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Prescription drugs can be very helpful and effective when one is sick or dealing with an illness or a disorder such as attention deficit disorder. A doctor will often prescribe medications to help alleviate pain one is experiencing or to treat an illness. When taken correctly as prescribed, medications can be highly effective.

Unfortunately, many people take drugs that were prescribed for another individual or take more than the prescribed dosage. When used incorrectly, prescribed drugs can be as harmful as illegal street drugs.

With so much emphasis being placed on weight loss and high achievement in today’s society, it is not surprising to find an adolescent who takes ADD medication that was prescribed for a friend or sibling. When a teen hears that ADD medication decreases one’s appetite and helps a person to focus, he or she may think (wrongly) that it would help him/her to take the same medicine.

This is a fallacy.

It can be very dangerous to take drugs prescribed for another person. Physicians base prescription dosage on a patient’s weight, metabolism and other physical characteristics. Medication that is appropriate for one person may be dangerous for another person.

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An athlete who has frequent injuries may receive a prescription for pain medication to help deal with the discomfort of an injury. Unfortunately, it is not uncommon to find an athlete (or any other person who deals with pain) become addicted to pain killers.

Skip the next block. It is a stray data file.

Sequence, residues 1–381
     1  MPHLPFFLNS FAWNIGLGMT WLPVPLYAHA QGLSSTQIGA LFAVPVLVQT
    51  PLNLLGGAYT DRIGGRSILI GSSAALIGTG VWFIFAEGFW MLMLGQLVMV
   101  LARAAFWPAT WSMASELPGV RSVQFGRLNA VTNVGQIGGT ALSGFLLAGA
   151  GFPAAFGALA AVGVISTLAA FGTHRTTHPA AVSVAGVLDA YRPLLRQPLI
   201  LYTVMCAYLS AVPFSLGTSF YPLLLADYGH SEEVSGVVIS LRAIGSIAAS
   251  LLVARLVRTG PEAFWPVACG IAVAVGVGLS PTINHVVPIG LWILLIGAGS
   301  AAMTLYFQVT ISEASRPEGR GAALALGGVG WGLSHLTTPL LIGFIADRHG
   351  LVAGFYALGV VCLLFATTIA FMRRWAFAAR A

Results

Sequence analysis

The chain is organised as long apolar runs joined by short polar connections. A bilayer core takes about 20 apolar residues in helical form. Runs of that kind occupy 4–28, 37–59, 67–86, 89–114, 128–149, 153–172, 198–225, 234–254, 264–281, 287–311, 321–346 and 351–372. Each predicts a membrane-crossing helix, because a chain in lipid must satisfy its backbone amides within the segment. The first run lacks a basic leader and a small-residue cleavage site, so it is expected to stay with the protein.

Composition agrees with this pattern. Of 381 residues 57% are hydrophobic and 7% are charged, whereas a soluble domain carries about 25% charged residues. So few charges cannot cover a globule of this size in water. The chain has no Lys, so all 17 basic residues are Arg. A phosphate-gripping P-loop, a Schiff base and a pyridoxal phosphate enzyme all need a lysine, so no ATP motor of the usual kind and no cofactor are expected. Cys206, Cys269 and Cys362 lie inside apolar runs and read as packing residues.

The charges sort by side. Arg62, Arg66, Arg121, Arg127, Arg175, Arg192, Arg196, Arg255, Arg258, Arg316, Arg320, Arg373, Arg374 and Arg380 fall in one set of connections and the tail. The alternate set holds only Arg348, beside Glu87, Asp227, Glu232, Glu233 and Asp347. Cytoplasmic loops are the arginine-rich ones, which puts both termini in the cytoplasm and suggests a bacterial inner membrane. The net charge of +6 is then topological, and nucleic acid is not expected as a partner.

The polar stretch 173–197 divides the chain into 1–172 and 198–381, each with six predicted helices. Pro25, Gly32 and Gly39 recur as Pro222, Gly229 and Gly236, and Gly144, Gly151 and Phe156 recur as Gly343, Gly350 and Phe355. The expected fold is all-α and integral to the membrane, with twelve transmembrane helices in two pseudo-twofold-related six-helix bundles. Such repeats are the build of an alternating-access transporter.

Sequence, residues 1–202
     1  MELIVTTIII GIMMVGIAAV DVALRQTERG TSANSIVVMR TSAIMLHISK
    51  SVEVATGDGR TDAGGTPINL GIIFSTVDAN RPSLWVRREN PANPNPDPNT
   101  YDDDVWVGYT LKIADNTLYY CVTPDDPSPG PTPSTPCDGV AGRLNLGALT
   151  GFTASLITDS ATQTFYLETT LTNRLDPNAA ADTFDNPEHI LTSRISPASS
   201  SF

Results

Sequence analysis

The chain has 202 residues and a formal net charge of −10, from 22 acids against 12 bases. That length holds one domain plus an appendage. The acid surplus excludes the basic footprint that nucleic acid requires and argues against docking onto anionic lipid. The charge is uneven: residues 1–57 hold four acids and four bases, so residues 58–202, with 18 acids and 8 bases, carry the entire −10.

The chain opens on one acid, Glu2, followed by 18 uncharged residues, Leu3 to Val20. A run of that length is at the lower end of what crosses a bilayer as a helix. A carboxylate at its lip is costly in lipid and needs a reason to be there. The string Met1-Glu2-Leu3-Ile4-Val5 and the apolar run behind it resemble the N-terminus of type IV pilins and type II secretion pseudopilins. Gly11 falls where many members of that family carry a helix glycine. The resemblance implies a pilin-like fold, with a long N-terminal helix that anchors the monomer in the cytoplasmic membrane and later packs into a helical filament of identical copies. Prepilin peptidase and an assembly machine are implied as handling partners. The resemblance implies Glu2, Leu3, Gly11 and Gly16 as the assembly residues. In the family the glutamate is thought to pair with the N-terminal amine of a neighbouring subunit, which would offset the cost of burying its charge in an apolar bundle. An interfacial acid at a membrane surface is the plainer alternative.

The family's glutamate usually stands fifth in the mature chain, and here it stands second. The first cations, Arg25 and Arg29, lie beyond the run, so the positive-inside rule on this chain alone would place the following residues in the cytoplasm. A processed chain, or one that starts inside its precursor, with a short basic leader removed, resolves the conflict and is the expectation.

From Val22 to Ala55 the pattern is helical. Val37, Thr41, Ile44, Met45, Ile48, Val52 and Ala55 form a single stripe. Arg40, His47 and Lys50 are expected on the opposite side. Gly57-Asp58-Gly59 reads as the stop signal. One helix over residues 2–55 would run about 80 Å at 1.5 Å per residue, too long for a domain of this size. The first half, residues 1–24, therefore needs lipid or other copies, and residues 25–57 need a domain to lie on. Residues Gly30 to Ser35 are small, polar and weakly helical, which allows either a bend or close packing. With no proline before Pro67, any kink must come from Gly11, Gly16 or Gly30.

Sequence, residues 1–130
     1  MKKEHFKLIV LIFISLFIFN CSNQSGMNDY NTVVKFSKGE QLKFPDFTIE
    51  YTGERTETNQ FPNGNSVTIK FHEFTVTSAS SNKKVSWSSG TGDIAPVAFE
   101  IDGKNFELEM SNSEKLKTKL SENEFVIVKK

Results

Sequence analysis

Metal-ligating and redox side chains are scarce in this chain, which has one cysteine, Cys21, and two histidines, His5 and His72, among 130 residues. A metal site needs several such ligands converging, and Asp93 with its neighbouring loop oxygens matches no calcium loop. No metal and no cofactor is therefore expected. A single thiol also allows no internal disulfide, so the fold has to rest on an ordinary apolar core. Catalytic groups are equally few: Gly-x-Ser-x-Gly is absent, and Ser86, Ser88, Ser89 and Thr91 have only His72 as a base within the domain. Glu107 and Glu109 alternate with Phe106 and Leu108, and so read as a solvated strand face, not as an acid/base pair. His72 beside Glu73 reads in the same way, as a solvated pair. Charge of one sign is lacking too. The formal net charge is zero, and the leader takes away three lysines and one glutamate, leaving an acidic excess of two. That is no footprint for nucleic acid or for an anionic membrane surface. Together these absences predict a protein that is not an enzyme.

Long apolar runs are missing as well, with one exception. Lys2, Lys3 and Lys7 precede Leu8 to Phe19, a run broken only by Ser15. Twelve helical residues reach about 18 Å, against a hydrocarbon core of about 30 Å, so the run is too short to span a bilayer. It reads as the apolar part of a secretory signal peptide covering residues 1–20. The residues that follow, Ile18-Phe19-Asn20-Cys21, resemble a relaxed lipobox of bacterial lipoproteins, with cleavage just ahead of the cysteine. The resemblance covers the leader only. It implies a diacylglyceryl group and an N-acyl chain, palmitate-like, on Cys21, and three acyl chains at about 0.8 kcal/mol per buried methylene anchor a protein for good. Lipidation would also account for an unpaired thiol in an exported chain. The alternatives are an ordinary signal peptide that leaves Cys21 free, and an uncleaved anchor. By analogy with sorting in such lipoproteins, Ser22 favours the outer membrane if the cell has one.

The active ingredient in prescription opioids is similar to and affects the same brain systems as heroin and morphine. While use of a drug often begins with a legitimate problem, if not carefully monitored it can in abuse and addiction.

When a person is no longer able to obtain or afford the prescription opioid, there is a high incidence of individuals turning to heroin. Heroin is readily available and relatively inexpensive. Once this cycle begins, there may be no turning back and the person may have an addiction problem that cannot be defeated.

It is important to monitor all prescription drugs that are found in one’s medicine cabinet. This includes medication that may be in the medicine cabinet of a grandparent or other senior citizen. Because prescription drugs are legal, given to us by doctors and available in nearly every home, abuse of and addiction to prescription drugs is on the rise. To protect adolescents from a potential problem, it is wise to count the drugs in your cabinet. It is also wise to keep prescription drugs in a locked area.

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Kaye Frataccia is the program manager for Around the Table. This column solely represents the writer’s opinion.

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Community Coordinator

Annette is Community Coordinator for The Times. She has been with the paper for two decades. A resident of Hobart, she graduated from Purdue University with degrees in English and German.